DEPUTY PRIME MINISTER: Good question. So I think the starting point is what we tried to do is the foundational thinking around what is it that is our challenge, what sort of– what job do we need our Defence Force to do and what sort of an ADF do we have in order to do it. Like, that’s pretty simple stuff, but that is the process that we have tried to work through. 

You know, what we see is that we have a deep economic connection to the world which has a physical manifestation to it. You know, our sea trade. The example that I gave in the main speech really does try to describe that we have vulnerabilities associated with those sea lines of communication which is actually the main game for us, much more than it is to be thinking about any invasion of the Australian continent. So the job our Defence Force needs to do is to be focused on that. That and the fact that when you look at our economic connection, it is largely with our region, and so the stability of our region is at both the heart of our national prosperity and our national security, and so, again, a job of the Australian Defence Force is to contribute to the collective security of our region.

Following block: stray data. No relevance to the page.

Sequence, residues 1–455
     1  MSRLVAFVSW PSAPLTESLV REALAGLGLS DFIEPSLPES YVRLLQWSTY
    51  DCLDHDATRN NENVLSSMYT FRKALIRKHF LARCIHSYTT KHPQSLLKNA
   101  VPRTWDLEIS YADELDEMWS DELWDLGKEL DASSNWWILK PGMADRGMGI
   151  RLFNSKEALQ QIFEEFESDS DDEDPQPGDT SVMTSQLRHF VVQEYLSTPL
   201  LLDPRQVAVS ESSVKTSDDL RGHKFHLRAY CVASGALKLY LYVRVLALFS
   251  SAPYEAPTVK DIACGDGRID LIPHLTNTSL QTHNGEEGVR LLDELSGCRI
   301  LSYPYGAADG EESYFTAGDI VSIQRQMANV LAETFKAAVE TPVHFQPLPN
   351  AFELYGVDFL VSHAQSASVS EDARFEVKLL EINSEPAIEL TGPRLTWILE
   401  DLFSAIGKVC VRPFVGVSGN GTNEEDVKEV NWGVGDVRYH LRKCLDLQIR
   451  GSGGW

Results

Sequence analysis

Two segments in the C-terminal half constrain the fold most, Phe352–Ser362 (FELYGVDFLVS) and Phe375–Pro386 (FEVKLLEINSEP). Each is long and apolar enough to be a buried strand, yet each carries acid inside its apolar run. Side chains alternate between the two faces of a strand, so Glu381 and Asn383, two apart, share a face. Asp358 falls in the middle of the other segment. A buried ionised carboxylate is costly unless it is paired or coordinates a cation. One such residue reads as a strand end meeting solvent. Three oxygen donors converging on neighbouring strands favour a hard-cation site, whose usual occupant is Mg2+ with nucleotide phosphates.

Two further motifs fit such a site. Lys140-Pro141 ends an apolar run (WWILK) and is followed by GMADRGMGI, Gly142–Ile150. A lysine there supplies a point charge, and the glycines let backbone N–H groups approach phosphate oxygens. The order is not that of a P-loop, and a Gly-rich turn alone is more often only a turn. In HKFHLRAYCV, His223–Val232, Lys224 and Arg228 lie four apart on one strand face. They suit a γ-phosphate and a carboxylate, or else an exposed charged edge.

Now, both those things are well beyond our shoreline. Both those things require us to have a capacity to project. And it’s off the back of that that you then see all of the decisions that we have made in terms of the kind of defence force that we are seeking to build. 

But on top of all of that to go, I think, to the nub of your question, the assessment, you know, the strategic assessment, of what the world looks like over the next decade and beyond is that it becomes precarious and less certain in every respect. And so what we need is a dramatic transformation in our capability in order to meet that. 

That’s why we are talking about investing so much money in our defence. That’s why we are talking about growing our Defence budget in historic terms. That’s why we’ve actually made the decisions to commit real money, not fantasy money, to that endeavour. It is precisely so that we can have genuine Australian capability to be able to meet that moment in that time frame. And that is what we are trying to do – becoming a much more capable self-reliant country. And that starts with the investment of funding decisions that we’ve made.